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title:“Newspaper Report of Pennsylvania Convention Proceedings”
date written:1787-11-28

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last updated:Jan. 22, 2013, 8:14 a.m. UTC
retrieved:Feb. 26, 2024, 12:16 a.m. UTC

"Newspaper Report of Pennsylvania Convention Proceedings." The Documentary History of the Ratification of the Constitution. Vol. 2. Ed. Gaspare J. Saladino and John P. Kaminski. Madison: Wisconsin Historical Society Press, 1976. 421-22. Print.

Newspaper Report of Pennsylvania Convention Proceedings (November 28, 1787)

In the Convention on Wednesday last, the debates were chiefly confined to the question of a bill of rights for the Federal Constitution. In favor of it was said, it was common and necessary, that it existed in Great Britain, and that it would be an additional security for our liberties. Against it was urged, that bills of rights in England were a gift of the Crown, that the liberties of the people in that country originated with the king; but that the case was widely different in the United States. Here liberty originated with the people. Why then should the people by a bill of rights conveyor grant to themselves what was their own inherent and natural right? It was further said, that only five of the thirteen states had bills of rights in their constitutions, and that even those were adopted at a time when we were ignorant of the nature and forms of government.1 Several objections were made by Mr. Whitehill to the Congress having the power of altering the times and places of electing the House of Representatives. To which Mr. Wilson replied, that it was necessary for Congress to possess this power, as the means of its own preservation, otherwise an invasion, a civil war, a faction, or a secession of a minority of the Assembly might at any time prevent the representation of a state in Congress.2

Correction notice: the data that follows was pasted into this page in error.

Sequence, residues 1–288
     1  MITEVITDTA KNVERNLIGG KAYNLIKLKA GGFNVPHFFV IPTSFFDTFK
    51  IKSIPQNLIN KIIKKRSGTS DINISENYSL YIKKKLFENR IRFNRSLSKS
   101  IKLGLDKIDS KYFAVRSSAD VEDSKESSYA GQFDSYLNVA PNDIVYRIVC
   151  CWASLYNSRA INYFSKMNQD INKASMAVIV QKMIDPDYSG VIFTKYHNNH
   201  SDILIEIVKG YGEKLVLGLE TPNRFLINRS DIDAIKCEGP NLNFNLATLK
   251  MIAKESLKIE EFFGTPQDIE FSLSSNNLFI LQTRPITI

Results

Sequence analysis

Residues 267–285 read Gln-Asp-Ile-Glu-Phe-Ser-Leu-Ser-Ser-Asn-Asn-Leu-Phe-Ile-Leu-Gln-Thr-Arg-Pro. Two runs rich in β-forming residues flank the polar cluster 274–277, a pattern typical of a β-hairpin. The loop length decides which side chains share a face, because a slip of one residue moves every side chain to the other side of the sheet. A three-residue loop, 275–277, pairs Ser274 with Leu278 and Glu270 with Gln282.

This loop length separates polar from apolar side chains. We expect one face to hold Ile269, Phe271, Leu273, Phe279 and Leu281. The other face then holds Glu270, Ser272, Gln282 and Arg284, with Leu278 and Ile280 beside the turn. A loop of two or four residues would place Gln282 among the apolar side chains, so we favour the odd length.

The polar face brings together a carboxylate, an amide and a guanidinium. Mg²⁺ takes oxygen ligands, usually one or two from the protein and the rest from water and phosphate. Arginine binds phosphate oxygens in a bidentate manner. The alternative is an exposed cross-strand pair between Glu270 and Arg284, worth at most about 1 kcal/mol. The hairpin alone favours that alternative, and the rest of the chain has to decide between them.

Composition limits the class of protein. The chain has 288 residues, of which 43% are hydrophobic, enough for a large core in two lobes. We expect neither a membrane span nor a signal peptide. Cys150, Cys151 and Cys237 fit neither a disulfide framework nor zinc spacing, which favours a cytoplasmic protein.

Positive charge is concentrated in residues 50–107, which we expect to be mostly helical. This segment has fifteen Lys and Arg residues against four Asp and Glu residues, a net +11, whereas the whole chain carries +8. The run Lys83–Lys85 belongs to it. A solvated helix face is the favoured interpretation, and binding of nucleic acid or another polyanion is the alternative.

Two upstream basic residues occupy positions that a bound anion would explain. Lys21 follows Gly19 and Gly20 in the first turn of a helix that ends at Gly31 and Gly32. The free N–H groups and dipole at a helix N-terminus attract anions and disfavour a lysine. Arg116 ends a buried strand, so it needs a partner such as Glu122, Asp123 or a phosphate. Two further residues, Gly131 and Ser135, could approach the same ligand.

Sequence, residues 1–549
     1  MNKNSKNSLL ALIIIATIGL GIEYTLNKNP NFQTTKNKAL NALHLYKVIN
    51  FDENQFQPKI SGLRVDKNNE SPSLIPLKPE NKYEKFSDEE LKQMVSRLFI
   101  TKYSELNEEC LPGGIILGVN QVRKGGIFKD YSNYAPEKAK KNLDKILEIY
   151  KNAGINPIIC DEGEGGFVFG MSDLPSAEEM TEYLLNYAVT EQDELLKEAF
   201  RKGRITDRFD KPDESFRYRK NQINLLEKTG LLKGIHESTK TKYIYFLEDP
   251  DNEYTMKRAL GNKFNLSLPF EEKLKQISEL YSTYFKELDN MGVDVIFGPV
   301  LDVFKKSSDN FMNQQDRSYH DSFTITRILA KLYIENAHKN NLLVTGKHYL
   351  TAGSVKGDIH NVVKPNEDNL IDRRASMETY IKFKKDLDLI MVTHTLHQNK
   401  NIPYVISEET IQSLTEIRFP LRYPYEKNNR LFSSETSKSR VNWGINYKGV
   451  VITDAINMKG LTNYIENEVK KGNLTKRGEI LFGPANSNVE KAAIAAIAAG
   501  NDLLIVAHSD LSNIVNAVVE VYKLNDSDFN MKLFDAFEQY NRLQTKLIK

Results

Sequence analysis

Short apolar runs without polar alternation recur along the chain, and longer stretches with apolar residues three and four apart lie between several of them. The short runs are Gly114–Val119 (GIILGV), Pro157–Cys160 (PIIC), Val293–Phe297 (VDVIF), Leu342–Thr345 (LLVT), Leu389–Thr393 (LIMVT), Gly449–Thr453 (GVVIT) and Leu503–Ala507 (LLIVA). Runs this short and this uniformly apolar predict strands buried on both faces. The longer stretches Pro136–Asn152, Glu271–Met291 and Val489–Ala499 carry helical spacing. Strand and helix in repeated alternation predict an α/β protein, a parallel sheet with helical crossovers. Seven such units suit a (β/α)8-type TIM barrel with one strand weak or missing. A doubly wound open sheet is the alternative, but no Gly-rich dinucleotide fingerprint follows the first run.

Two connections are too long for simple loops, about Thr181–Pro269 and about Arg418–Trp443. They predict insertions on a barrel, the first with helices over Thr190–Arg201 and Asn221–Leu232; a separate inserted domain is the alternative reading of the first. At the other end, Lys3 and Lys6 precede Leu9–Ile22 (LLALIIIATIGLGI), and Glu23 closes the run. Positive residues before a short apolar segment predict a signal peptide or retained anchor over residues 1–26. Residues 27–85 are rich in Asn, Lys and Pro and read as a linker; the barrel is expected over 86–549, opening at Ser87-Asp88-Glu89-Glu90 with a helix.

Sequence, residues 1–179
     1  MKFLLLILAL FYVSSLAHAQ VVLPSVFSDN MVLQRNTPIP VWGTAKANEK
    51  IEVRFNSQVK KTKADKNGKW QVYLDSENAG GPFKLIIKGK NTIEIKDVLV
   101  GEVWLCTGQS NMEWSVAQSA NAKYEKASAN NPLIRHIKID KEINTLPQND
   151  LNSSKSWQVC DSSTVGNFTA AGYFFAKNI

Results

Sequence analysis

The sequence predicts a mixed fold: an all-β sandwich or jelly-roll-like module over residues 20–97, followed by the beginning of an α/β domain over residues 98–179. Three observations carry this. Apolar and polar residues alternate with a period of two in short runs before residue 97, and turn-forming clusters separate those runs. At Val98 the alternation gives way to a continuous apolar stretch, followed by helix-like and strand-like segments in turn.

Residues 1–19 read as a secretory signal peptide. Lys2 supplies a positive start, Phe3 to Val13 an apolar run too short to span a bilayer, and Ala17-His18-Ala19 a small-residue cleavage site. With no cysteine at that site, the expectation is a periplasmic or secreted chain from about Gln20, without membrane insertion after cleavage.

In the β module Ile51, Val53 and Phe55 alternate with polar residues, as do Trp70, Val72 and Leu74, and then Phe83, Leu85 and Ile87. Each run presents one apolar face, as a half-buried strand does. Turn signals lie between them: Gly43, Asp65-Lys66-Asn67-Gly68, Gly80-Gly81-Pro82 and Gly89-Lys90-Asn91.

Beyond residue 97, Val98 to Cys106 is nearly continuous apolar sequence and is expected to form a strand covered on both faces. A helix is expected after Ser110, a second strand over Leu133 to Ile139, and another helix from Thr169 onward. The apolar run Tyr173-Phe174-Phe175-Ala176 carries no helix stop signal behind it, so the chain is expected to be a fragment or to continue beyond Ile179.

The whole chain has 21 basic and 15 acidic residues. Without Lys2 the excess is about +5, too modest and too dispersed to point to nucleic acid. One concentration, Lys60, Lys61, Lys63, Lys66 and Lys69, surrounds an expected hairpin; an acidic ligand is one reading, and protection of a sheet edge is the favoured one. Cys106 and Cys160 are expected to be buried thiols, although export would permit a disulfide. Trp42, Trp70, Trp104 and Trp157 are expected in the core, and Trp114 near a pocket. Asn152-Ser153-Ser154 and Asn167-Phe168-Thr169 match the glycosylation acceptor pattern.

It was further urged by Mr. Whitehill, that the Federal Constitution annihilated the state governments. To this Mr. Wilson replied, by observing, that the Congress and the state governments must stand or fall together, for that the election of the President, Senators, and House of Representatives all made the state governments essential to the very existence of Congress.
The speakers against the Constitution showed great ingenuity and zeal, while the advocates of it, Mr. Wilson and Mr. M'Kean, showed equal candor and a profound knowledge of the principles and forms of government.

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